Soon after the original post was published the Glanusk Estate made a statement that you can find here, accompanied by a pretty comprehensive demolition by Raptor Persecution UK.

The Estate obviously felt they hadn’t said enough because a further statement was issued on July 3rd. Here it is, again with a robust response from RPUK. In this statement blame for the poisonings is attributed to “a third party” and assures us that there was never any risk to public health.

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To sum up . . .

First off, you mustn’t think there’s anything unusual – other than the scale – about the poisonings at Glanusk, they happen all the time. That’s because there’s serious money in shooting game birds, and wherever we find an area of human activity where there’s big money to be made we’ll find persons ready to cut corners and break the law.

The reason for my interest in this case is due to the status and connections of those involved and the responses, or rather, the total disinterest, of officialdom and others.

Now I am not for one minute suggesting that any member of the Legge-Bourke family laid poison to kill hawks and ravens. And I believe it’s perfectly possible for these crimes to have taken place on their land without their knowing. I suggest we need to start our search for the guilty parties lower down the food chain, with those who had both the motive and the opportunity.

But I am not suggesting that Mark Coleman himself laid poison to kill raptors or carrion feeders. I use the term ‘carrion feeders’ because a poisoned pheasant or raven could become food for badgers, foxes and smaller animals, perhaps even a domestic cat. Poisoning is indiscriminate.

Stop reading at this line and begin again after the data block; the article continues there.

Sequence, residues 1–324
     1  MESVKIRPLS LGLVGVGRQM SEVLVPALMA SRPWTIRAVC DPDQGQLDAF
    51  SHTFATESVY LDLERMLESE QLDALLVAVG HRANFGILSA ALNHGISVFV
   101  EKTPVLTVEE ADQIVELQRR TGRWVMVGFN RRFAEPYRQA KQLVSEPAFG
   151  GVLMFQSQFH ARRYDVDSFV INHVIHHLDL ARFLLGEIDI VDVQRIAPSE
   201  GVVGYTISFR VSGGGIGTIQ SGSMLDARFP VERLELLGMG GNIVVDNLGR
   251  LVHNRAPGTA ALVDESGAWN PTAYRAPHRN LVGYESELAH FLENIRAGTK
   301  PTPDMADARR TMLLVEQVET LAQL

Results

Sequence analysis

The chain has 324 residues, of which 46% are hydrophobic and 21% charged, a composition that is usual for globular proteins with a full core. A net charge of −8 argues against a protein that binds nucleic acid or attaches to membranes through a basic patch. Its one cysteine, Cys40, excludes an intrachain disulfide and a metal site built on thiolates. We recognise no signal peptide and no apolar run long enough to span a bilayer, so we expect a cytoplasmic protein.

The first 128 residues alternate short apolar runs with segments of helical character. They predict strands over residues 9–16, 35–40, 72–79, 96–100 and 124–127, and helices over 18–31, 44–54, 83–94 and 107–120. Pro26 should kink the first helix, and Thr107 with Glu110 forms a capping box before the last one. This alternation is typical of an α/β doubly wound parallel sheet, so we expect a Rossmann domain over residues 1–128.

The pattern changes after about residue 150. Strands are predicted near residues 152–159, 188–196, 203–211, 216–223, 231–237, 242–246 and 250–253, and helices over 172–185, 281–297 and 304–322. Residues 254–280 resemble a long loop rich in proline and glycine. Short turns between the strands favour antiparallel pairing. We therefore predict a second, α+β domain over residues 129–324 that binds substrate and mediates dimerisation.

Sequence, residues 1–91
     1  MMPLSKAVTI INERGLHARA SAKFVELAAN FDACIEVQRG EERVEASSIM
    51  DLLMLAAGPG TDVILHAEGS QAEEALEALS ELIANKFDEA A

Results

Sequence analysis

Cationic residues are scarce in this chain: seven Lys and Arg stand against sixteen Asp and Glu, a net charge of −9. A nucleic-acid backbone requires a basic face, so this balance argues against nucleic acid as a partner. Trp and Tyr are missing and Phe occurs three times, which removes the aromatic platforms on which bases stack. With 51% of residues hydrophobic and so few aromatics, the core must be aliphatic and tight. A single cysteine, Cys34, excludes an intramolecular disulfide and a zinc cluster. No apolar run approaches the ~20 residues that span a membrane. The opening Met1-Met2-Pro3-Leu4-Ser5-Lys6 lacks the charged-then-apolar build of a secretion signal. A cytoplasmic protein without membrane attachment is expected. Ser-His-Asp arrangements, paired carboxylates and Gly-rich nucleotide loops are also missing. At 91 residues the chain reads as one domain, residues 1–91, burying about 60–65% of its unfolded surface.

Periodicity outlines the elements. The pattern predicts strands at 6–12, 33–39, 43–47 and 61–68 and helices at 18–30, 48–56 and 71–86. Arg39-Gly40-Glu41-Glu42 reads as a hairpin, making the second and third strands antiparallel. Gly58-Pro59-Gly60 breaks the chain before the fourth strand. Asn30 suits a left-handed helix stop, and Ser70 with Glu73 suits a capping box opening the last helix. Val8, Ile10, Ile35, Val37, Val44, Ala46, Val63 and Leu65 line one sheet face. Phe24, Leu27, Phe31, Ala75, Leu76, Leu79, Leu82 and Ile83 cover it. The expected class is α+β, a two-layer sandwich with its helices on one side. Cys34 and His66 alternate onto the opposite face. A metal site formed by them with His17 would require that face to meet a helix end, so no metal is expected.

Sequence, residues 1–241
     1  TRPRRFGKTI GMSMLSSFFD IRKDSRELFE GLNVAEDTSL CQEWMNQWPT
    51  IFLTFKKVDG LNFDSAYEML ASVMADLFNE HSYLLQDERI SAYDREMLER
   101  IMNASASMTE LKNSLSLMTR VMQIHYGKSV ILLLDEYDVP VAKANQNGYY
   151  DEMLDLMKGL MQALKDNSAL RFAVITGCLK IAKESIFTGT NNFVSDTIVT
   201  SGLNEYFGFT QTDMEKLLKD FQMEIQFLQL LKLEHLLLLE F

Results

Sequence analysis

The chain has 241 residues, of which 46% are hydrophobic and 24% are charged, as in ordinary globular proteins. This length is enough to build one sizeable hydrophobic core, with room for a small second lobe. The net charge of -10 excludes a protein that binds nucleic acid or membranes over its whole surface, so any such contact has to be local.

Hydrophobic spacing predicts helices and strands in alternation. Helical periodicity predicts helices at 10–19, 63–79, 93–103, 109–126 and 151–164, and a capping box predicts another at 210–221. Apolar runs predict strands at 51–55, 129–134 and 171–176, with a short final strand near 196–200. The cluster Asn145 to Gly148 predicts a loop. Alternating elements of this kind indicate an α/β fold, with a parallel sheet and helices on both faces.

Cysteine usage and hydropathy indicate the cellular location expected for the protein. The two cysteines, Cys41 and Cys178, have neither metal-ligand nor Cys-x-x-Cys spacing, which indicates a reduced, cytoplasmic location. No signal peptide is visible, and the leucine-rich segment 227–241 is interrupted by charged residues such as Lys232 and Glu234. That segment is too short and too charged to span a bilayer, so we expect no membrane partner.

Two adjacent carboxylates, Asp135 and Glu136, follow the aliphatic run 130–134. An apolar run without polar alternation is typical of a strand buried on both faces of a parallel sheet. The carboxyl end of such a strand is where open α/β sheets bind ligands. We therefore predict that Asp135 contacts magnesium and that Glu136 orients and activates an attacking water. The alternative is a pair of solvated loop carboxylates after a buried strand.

pheasants

But what of those gamekeepers we are told already had police records over the border and, according to Raptor Persecution UK, were brought to Glanusk by Mark Coleman? Would it be reasonable to assume that these were the two arrested by Dyfed Powys Police? Though it may be significant that the police statement makes no mention of them actually being charged.

Do these gamekeepers still work on the Glanusk Estate?

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Even though the Legge-Bourkes didn’t lay any poison they are the indirect beneficiaries of that act because whoever did it acted to protect the shooting run by Mark Coleman who, we can be sure, pays the family a tidy sum to arrange his £11,000+ a day shooting parties.